Initially released to Japan as the Famicom in 1983 the console was later offered to consumers in North America in 1985 as the 'Nintendo Entertainment System' or NES. It became an 8-bit legend.
It was much later before distribution to Europe and Australia began through Mattel in 1986 and '87 respectively.
After the predominantly North American computer game industry crash in 1983 Nintendo waded in with their shiny 'new' game console injecting much needed enthusiasm into the market and laying the groundwork for the most bitter war of the 1980 and 90s.... Were you a SEGA or Nintendo kid?
Using the tried and true ROM cartridge system for program storage and distribution the NES in popularity quickly became the new Atari 2600 for many homes.
In fact, it almost was Atari that released the NES in the US but some seemingly shortsighted bitterness relating to Nintendo having released a version of Donkey Kong for Atari's competitor Coleco's Colecovision sunk the deal.
Wanting to avoid poor public acceptance due to gamers and parents previously being burnt with discontinued consoles and game lines in '83 Nintendo remodeled the NES to make it look like something new. This was especially true of the front loading (video recorder-like) cartridge port.
Okay, technically the front loader design had been used in the Fairchild 'Channel F' and possibly other low distribution, unloved consoles but it was new enough to seem.... new.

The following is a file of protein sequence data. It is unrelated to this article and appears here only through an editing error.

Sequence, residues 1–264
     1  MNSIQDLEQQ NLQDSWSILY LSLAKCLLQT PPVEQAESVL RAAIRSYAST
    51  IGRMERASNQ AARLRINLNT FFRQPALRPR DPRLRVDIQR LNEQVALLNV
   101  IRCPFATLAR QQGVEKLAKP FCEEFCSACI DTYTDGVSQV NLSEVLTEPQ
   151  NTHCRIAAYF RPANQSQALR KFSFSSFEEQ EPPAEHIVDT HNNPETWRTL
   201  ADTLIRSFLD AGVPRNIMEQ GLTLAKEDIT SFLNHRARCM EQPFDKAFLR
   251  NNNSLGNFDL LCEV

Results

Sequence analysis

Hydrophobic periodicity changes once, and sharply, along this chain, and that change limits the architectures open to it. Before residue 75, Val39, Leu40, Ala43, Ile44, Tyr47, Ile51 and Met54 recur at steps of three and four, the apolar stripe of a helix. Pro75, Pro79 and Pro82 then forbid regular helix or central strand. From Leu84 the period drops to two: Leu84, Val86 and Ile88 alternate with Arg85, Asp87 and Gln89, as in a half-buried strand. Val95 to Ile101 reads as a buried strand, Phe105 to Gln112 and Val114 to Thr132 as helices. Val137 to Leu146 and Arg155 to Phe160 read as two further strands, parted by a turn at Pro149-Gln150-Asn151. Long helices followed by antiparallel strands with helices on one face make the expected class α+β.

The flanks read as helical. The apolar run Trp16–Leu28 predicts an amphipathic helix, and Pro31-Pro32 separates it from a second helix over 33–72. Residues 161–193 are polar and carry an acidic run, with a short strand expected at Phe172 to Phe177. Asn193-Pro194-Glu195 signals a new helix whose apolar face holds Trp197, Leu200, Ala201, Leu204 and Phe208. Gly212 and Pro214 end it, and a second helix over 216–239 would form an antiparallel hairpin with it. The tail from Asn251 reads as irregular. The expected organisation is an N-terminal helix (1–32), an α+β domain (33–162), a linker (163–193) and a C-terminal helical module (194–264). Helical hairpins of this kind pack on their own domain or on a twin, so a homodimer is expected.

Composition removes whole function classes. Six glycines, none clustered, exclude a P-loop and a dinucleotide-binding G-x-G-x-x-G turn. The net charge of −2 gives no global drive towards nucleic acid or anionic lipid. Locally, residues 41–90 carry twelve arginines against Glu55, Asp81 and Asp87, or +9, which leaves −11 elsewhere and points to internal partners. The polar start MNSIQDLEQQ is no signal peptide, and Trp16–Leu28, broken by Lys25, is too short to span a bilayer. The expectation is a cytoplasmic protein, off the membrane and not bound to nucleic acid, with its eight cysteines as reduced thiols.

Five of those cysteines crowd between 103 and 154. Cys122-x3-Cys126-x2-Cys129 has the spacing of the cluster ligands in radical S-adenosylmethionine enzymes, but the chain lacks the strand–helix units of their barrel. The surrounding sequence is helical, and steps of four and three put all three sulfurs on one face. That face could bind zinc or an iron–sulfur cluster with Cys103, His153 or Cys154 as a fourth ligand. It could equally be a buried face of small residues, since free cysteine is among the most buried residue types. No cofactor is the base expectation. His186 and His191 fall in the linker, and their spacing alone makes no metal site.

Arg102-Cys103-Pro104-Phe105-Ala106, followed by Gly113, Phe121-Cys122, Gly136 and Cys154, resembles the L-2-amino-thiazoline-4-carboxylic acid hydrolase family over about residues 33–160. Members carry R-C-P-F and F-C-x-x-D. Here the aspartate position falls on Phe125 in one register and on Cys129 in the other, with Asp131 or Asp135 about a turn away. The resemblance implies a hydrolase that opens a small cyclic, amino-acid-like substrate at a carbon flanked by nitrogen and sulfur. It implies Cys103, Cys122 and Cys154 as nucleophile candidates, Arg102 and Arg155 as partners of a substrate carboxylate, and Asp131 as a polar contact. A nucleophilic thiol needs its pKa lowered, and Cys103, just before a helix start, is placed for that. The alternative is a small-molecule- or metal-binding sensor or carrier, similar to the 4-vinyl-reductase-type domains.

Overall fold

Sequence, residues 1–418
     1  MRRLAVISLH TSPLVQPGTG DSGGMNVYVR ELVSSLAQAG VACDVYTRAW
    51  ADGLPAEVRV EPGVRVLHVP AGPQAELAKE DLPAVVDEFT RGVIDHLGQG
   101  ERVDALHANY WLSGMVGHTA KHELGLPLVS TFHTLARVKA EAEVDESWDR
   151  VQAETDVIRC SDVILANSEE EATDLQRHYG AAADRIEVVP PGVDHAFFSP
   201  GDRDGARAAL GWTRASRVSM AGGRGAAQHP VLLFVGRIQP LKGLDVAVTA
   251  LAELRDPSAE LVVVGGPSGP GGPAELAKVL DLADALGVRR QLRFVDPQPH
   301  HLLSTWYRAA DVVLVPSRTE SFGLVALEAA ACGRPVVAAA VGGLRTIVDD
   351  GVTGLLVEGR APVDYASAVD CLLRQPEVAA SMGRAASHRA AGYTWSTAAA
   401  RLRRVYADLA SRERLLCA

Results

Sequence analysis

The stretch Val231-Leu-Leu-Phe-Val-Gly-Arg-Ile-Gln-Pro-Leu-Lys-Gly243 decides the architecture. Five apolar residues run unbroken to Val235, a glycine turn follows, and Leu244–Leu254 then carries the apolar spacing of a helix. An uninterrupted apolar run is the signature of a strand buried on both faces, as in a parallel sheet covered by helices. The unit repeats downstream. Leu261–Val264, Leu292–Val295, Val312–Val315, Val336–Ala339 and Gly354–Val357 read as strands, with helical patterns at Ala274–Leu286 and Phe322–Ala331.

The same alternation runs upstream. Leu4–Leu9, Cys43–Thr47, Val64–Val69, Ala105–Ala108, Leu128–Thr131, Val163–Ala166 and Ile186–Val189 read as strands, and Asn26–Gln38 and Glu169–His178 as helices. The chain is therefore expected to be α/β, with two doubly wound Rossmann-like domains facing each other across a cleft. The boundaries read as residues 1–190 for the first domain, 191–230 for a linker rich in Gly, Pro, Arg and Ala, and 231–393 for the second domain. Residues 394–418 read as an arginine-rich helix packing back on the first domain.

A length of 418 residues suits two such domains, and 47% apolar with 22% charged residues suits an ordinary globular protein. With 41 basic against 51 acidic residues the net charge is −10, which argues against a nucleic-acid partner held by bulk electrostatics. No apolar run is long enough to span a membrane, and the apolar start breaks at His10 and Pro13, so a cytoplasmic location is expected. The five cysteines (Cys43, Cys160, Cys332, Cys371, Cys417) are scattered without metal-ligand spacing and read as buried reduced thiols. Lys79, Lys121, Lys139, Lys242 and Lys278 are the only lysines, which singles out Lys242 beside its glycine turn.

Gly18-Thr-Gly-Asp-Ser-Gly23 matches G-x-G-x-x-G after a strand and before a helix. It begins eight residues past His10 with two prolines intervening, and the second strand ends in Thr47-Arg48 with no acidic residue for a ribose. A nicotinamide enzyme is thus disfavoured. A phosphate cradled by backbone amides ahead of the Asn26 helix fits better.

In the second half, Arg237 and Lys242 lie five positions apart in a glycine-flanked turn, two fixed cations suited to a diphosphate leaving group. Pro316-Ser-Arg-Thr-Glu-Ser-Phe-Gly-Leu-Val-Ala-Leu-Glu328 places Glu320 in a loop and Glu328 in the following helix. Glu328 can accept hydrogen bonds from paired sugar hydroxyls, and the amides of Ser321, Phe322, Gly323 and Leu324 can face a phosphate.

It's worth noting that the program cartridges ('Game Paks') released everywhere bar Japan were physically quite a lot larger and have seventy two connector pins opposed to the Famicom's sixty. Famicom cartridges were made in a variety of coloured plastics opposed to those released elsewhere for the NES which were predominantly grey.
The NES can display a total of six shades of grey and forty eight colours. Primary colours can be displayed in darker shades using a bit of tricky coding; presumably to make them flicker between say red and black at a certain speed and frequency. A total of twenty five colours can be displayed simultaneously and it outputs at a resolution of 256h x 240v pixels. A total of sixty four sprites can be display on screen at once in either 8x8 pixel or 8x16 pixel sizes. This was a global size value which locked all sprites to this size.
The NES out did most game consoles of the day by offering five sound channels which allowed for games to be created with surprisingly complex and lively music, many of which have become and inspired the iconic 'chip tunes' of today.
|Unit pictured has been sold and its location is unknown.|